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. Last Updated: 07/27/2016

Hundreds Cheer Fallen Queen

APPeople cheering Tymoshenko late Thursday on Independence Square.
KIEV -- Hundreds of people crowded Kiev's Independence Square to support the fallen queen of the Orange Revolution, Yulia Tymoshenko, on the eve of weekend parliamentary elections.

The scene Thursday evening at first glance resembled a repeat of last year's protests against vote falsification that brought the pro-West duo of Tymoshenko and President Viktor Yushchenko to power. People waved flags and danced to live concert music, and the tents that symbolized the people power of the Orange Revolution were back out on the square.

This time, however, amid widespread disillusionment over the revolution's results, the numbers paled in comparison with the thousands that thronged the square last year, while the flags were of different colors and the tents were too. For Yulia, as she is fondly known here, the tents and flags were white with a red heart emblazoned across them. Interspersed with them were the orange flags and tents of Yushchenko's Our Ukraine bloc.

Some, however, were there to stick it out. "We wanted democracy, and we got it," said Zinaida Petrovna, a stout woman in her 50s, as she pointed at the plethora of various colored flags. "Now, we're continuing our fight for democracy."

The duo that led the 2004 Orange Revolution split acrimoniously last year amid increasing infighting over economic policy and a slew of corruption allegations. Yushchenko fired Tymoshenko as his prime minister, and since then the diminutive blond firebrand many have compared to Eva Peron has been out in the cold, while Yushchenko has been floundering amid a worsening economy, a gas dispute with Russia and one Cabinet crisis after another.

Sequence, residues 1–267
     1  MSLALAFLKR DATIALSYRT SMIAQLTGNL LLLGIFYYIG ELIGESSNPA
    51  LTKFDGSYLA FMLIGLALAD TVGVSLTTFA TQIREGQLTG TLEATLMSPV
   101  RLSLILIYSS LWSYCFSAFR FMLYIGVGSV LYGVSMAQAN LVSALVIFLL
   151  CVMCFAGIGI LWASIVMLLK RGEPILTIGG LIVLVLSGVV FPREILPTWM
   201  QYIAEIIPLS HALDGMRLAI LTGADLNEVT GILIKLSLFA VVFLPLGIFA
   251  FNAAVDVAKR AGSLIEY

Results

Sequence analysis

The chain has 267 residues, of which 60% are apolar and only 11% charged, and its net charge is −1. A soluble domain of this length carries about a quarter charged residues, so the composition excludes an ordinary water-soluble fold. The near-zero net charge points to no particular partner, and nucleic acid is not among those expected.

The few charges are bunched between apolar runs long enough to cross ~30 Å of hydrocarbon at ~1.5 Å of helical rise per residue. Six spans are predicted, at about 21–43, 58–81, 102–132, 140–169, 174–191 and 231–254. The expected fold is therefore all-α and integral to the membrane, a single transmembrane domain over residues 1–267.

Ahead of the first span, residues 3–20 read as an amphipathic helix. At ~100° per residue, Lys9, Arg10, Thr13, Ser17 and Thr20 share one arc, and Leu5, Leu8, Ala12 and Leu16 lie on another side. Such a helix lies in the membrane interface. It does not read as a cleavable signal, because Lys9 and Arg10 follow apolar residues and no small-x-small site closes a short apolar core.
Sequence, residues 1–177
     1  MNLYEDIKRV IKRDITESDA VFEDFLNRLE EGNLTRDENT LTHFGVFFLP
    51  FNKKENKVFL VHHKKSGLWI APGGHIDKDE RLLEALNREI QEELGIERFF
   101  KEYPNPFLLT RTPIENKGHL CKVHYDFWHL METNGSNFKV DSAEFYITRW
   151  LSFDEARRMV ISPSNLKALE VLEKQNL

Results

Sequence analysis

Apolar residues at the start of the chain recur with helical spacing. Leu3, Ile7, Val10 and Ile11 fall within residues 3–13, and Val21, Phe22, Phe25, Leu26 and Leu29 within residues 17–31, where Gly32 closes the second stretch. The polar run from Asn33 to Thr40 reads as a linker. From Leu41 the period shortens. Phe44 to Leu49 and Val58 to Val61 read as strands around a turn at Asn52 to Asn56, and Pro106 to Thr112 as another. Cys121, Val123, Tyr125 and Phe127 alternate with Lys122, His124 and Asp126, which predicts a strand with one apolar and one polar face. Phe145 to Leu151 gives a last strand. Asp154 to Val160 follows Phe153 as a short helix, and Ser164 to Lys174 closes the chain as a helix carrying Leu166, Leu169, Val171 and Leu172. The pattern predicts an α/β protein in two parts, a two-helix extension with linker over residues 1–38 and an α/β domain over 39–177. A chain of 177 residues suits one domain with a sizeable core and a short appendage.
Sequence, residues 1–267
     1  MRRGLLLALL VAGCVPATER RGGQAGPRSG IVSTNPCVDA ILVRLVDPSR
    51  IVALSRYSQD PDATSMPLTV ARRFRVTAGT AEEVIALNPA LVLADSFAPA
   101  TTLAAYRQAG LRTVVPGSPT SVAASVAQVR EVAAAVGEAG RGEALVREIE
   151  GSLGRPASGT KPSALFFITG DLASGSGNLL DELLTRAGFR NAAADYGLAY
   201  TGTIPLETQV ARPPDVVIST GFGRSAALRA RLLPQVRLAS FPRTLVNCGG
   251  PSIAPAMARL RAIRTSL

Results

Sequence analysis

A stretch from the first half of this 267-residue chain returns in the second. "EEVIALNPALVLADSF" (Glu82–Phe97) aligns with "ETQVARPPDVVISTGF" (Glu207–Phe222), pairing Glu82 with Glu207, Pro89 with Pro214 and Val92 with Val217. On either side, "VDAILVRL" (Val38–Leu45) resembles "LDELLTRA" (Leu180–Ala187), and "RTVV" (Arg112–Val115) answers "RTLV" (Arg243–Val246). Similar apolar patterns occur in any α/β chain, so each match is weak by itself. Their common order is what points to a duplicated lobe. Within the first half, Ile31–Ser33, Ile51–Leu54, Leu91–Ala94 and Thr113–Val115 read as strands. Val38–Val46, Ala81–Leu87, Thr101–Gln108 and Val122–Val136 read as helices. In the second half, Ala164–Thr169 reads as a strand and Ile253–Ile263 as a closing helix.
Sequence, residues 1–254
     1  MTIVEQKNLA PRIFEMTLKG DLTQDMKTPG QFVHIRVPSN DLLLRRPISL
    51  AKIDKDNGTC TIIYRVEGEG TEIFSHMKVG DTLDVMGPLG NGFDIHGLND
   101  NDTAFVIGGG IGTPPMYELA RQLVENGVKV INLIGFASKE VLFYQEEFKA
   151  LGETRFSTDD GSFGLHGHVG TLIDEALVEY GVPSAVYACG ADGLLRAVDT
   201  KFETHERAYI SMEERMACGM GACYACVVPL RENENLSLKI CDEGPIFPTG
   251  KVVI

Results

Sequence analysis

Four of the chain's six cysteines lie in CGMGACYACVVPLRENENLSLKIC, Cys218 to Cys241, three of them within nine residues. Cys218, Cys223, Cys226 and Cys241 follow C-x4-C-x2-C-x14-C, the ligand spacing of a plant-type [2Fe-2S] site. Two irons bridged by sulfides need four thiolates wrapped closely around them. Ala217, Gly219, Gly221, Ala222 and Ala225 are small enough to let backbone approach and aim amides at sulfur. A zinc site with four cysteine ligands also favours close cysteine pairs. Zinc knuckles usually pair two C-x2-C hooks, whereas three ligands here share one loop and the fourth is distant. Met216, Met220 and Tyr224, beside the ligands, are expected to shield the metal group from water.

The split appeared to have turned the Orange Revolution sour along with hopes for democracy and clean government. But as people gathered on the square Thursday evening, it seemed some were prepared to do it all over again, even if it meant supporting just Tymoshenko or hoping she would join forces with Yushchenko once again.

"We're not disappointed with the Orange Revolution," Petrovna said, clutching a Yulia scarf. "We stood for democracy, and we did not lose out."

The split has also helped open the way for a resurgence in popularity for Viktor Yanukovych, the pro-Russia rival the duo displaced in the bitter dispute over falsified election results. Yanukovych's Party of the Regions currently leads the polls, with 30 to 34 percent. Tymoshenko's and Yushchenko's blocs are vying for second place, with polls placing Yushchenko at 17 to 20 percent and Tymoshenko at 14 to 20 percent.

The race for parliament has become even more important because constitutional changes mean that whoever wins a majority gets to appoint the prime minister, who will have greater powers than the president.

Still, some Ukrainians said they would not be attending any demonstrations this time around. "What was it all for?" said Volodya, a taxi driver who gave out sandwiches to frozen demonstrators in 2004. "Yushchenko turned out to be very weak. They said that the elections were falsified, but there's no one sitting in jail.

"Instead, he's now doing deals with Yanukovych like he did when he needed to get [Prime Minister Yuriy] Yekhanurov appointed," he said. "He was just out to win power."